Welcome from Keith McBurnett
Welcome to Burnet CISD. Located in the Hill Country, Burnet CISD is spread out over 700 square miles and serves 3,100 students in 6 campuses. Burnet CISD has a rich history of excellence in academics and extracurricular activities, and is committed to CRAFTING the FUTURE. That future is as unique as each of our students. For some that means preparing them for college or a trade school, while others it means preparing them to earn a certification or enter the workforce with demonstrable skills. Our students are excelling inside the classroom and outside the classroom. I am proud to be the superintendent of Burnet CISD and to be a member of this wonderful community. You will find that there is a real sense of care and community within the District. If I can be of assistance to you, please feel free to contact me.
In order to keep District stakeholders informed, I write a newspaper article on a regular basis and post it on the District's website. You will find the most recent articles below.
April 25, 2018
As I shared this past December, the 5-year grant funding the ACE Afterschool Program will expire in July. The District is in the process of applying for Cycle 10 of the grant to fund an additional five years. Because awarding of the grant will not be announced until sometime in July, the District is developing two plans: one assumes BCISD receives the ACE grant and the other assumes BCISD sustains an afterschool program for the 2018-2019 school year with local funding.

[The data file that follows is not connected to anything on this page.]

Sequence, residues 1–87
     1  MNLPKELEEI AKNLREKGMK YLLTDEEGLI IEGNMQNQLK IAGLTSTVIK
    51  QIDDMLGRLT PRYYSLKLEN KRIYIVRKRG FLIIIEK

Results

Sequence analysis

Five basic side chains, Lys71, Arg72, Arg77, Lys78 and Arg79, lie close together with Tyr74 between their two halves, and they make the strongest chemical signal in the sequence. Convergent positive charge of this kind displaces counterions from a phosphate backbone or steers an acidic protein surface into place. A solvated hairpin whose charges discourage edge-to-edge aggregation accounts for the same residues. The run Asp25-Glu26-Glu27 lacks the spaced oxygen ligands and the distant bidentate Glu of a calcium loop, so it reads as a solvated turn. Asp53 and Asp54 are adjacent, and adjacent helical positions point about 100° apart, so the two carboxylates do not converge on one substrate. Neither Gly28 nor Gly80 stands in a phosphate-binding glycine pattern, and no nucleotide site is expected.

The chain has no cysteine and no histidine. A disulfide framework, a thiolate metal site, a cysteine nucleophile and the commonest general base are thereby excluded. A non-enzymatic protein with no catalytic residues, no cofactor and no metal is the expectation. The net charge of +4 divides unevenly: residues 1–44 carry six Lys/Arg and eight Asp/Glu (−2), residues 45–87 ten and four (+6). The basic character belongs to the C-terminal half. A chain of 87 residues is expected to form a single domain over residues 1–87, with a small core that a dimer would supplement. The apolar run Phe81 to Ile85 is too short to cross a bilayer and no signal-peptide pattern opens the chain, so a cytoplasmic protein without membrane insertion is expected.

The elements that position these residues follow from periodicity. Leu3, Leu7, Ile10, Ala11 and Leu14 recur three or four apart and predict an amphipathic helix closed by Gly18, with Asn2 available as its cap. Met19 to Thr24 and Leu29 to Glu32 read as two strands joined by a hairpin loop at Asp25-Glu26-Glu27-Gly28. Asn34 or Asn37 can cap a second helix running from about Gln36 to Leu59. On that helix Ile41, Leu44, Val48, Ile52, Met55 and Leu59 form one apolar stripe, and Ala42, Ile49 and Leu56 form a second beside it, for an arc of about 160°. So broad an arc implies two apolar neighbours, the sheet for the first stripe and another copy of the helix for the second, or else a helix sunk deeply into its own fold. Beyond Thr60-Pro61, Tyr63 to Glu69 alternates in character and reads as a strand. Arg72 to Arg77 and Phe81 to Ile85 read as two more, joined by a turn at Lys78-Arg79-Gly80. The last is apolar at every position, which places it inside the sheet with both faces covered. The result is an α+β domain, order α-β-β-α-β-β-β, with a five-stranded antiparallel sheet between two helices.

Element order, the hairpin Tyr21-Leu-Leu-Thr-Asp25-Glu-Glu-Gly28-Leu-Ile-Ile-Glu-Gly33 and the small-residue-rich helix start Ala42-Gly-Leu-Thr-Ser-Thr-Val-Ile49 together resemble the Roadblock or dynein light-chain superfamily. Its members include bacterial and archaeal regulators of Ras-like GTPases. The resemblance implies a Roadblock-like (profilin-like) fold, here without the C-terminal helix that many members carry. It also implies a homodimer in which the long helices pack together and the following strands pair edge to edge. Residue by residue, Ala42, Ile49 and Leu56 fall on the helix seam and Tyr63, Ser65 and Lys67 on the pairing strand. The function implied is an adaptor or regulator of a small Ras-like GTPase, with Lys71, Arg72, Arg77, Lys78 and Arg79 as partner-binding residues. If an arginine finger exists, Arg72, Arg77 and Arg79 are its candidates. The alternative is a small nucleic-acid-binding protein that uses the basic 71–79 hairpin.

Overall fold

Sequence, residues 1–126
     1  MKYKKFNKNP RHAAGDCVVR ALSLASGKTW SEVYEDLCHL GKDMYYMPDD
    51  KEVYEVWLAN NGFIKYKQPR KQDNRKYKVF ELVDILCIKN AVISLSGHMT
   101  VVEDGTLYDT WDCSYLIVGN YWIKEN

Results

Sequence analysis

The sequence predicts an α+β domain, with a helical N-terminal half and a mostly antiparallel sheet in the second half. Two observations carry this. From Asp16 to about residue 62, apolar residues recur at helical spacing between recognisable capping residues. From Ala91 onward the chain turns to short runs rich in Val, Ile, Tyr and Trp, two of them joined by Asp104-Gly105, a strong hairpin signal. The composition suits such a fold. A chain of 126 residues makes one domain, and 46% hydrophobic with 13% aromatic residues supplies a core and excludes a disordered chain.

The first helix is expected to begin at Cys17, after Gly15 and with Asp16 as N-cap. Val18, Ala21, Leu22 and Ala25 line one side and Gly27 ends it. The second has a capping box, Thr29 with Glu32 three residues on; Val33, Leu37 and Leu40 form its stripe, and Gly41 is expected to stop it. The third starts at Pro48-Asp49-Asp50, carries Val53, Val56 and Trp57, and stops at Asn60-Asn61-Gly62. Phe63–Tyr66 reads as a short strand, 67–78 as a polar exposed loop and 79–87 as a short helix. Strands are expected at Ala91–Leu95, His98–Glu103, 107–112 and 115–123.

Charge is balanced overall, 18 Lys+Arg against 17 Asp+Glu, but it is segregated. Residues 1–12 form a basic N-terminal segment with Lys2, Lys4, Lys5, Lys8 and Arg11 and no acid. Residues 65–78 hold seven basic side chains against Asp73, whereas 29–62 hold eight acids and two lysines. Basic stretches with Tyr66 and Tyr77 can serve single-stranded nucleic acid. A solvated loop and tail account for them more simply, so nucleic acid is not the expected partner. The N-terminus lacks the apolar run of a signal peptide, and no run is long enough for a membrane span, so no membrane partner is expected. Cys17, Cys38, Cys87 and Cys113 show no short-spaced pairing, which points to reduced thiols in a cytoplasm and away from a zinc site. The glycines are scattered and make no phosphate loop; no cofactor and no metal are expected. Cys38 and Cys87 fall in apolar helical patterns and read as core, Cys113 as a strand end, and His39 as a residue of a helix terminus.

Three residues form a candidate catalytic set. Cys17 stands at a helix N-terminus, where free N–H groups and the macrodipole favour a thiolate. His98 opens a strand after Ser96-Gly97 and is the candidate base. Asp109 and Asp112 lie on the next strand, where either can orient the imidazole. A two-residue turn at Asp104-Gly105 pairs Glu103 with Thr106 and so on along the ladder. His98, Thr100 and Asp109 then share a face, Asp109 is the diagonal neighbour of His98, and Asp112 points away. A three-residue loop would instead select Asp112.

If the District is awarded the ACE grant, then parents can expect the same high quality ACE Afterschool Program serving more than 800 students a day. If the District is not awarded the ACE grant, then the District is prepared to offer a new, locally funded afterschool program.
At the April 16 Board Meeting, the BCISD Board of Trustees allocated funds to underwrite a majority of the costs of a non-grant funded afterschool program. This locally funded afterschool program would be offered at all BCISD elementary campuses Monday-Thursday from 3:15-6:15 p.m. The afterschool program will have a new name, but will continue to offer homework help, tutorials and fun, enrichment activities in a safe environment. The three biggest changes with the locally funded afterschool program are:
The enrollment will be limited to 105 students at each elementary campus.
Transportation will not be provided.
A very affordable fee of $20 per month will be required.